<td>Cell 3</td>
     <td>Cell 4</td>
   </tr>
 </table>
 
 
Will look like this in the browser:

Cell 1Cell 2
Cell 3Cell 4

What's the difference between <tr> and <td> ?

As you will see from the above example, this is probably the most complicated HTML example we have given you so far. Let's break it down and explain the different tags:
3 different elements are used to insert tables:
  • The opening tag <table> and the closing tag </table> starts and ends the table. Logical.
  • <tr> stands for "table row" and starts and ends horizontal rows. Still logical.
  • <td> is short for "table data". This tag starts and ends each cell in the rows of your table. All simple and logical.
Here is what happens in Example 1: the table starts with a <table>, followed by a <tr>, which indicates the beginning of a new row. Two cells are inserted in this row: <td>Cell 1</td> and<td>Cell 2</td>. The row is hereafter closed with a </tr> and a new row <tr> begins immediately after. The new row also contains two cells. The table is closed with </table>.
Just to make it clear: rows are horizontal lines of cells and columns are vertical lines of cells:

Cell 1Cell 2
Cell 3Cell 4
Cell 1 and Cell 2 form a row. Cell 1 and Cell 3 form a column.
In the above example, the table has two rows and two columns. However, a table can have an unlimited number of rows and columns.

Example 2:
 
 <table>
   <tr>
     <td>Cell 1</td>
     <td>Cell 2</td>
     <td>Cell 3</td>
     <td>Cell 4</td>
   </tr>
   <tr>
     <td>Cell 5</td>
     <td>Cell 6</td>
     <td>Cell 7</td>
     <td>Cell 8</td>
   </tr>
   <tr>
     <td>Cell 9</td>
     <td>Cell 10</td>
     <td>Cell 11</td>
     <td>Cell 12</td>
   </tr>
 </table>
 
 
Will look like this in the browser:

Cell 1Cell 2Cell 3Cell 4
Cell 5Cell 6Cell 7Cell 8
Cell 9Cell 10Cell 11Cell 12

Are there any attributes?

Of course there are attributes. For example, the border attribute is used to specify that you want a border around your table:

Example 3:
 
 <table border="1">
   <tr>
     <td>Cell 1</td>
     <td>Cell 2</td>
   </tr>
   <tr>
     <td>Cell 3</td>
     <td>Cell 4</td>
   </tr>
 </table>
 
 
Will look like this in the browser:

Cell 1Cell 2
Cell 3Cell 4
You can also add column headings:

Example 4:
 
 <table border="1">
   <tr>
     <th>Heading 1</th>
     <th>Heading 2</th>
   </tr>
   <tr>
     <td>Cell 1</td>
     <td>Cell 2</td>
   </tr>
   <tr>
     <td>Cell 3</td>
     <td>Cell 4</td>
   </tr>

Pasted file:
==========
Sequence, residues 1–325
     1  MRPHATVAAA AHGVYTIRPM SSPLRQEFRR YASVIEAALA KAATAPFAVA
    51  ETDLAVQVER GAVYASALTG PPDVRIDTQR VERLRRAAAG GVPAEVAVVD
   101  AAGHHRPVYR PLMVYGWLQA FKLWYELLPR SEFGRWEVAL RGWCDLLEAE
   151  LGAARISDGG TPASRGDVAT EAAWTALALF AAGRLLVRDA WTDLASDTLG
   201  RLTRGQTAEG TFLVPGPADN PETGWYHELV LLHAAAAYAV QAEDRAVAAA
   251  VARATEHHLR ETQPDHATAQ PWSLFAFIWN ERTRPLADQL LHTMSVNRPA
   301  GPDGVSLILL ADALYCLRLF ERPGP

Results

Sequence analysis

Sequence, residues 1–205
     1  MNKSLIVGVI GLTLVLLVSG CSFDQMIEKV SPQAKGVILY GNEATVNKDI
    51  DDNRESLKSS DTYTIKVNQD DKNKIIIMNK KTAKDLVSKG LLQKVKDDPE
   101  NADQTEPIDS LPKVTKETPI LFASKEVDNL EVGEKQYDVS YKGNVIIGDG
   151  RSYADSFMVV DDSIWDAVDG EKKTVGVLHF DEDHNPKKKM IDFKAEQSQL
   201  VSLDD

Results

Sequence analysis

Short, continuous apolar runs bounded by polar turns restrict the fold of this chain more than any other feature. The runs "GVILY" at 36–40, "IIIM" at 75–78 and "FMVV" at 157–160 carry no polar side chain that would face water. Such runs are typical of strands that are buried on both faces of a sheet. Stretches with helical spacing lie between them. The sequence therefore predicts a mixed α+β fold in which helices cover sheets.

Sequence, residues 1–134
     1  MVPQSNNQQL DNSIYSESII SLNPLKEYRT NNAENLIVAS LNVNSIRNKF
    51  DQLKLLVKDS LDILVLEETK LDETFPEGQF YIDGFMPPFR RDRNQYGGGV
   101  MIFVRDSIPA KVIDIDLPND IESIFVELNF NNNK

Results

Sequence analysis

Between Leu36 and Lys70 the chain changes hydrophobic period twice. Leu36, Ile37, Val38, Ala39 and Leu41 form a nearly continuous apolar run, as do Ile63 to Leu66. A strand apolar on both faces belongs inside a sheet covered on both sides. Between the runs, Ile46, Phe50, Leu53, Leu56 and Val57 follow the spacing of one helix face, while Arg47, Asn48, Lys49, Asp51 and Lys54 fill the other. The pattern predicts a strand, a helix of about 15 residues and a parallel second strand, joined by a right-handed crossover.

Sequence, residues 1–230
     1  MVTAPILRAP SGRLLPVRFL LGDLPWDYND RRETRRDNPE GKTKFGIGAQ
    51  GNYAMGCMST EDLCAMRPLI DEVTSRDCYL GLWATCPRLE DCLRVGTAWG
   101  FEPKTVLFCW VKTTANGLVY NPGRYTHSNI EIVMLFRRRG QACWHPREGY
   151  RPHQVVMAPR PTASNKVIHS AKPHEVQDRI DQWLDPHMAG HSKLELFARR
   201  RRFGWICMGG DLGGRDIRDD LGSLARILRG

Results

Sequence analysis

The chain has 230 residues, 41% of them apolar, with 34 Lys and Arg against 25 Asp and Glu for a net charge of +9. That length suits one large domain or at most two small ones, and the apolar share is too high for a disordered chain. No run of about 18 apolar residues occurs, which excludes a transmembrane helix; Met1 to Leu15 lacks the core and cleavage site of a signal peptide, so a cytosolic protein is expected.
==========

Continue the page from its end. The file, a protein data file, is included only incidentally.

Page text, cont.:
</table>
 
 
This example will be displayed in the browser as a table with two column headings. Try it yourself.

What can I insert in my tables?

Theoretically, you can insert anything in tables: text, links and images... BUT tables are meant for presenting tabular data (i.e. data which can be meaningfully presented in columns and rows) so refrain from putting things into tables simply because you want them to be placed next to each other.
In the old days on the Internet - i.e. a few years ago - tables were often used as a layout tool. But if you want to control the presentation of texts and images there is a much cooler way to do it (hint: CSS). But more about that later.
Once you have mastered tables, nothing in HTML can faze you. So go practice making tables from scratch — some with headings, some without — that should keep you busy for hours.

What is left then?

The two attributes colspan and rowspan are used when you want to create fancy tables.
Colspan is short for "column span". colspan is used in the <td> tag to specify how many columns the cell should span:

Example 1:
 
 <table border="1">
   <tr>
     <td colspan="3">Cell 1</td>
   </tr>
   <tr>
     <td>Cell 2</td>
     <td>Cell 3</td>
     <td>Cell 4</td>
   </tr>
 </table>
 
 
Will look like this in the browser:

Cell 1
Cell 2Cell 3Cell 4
By setting colspan to "3", the cell in the first row spans three columns. If we instead had setcolspan to "2", the cell would only have spanned two columns and it would have been necessary to insert an additional cell in the first row so that the number of columns will fit in the two rows.

Example 2:
 
 <table border="1">
   <tr>
     <td colspan="2">Cell 1</td>
     <td>Cell 2</td>
   </tr>
   <tr>
     <td>Cell 3</td>
     <td>Cell 4</td>
     <td>Cell 5</td>
   </tr>
 </table>
 
 
Will look like this in the browser:

Cell 1Cell 2
Cell 3Cell 4Cell 5

What about rowspan?

As you might already have guessed, rowspan specifies how many rows a cell should span over:

Example 3:
 
  <table border="1">
   <tr>
     <td rowspan="3">Cell 1</td>
     <td>Cell 2</td>
   </tr>
   <tr>
     <td>Cell 3</td>
   </tr>
   <tr>
     <td>Cell 4</td>
   </tr>
 </table>
 
 
Will look like this in the browser:

Cell 1Cell 2
Cell 3
Cell 4
In the example above rowspan is set to "3" in Cell 1. This specifies that the cell must span over 3 rows (its own row plus an additional two). Cell 1 and Cell 2 are thereby in the same row, while Cell 3 and Cell 4 form two independent rows.
Confused? Well, it is not uncomplicated and it is easy to lose track. Therefore, it might be a good idea to draw the table on a piece of paper before you begin with the HTML.
Not confused? Then go ahead and create a couple of tables with both colspan and rowspan on your own.

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1 comments: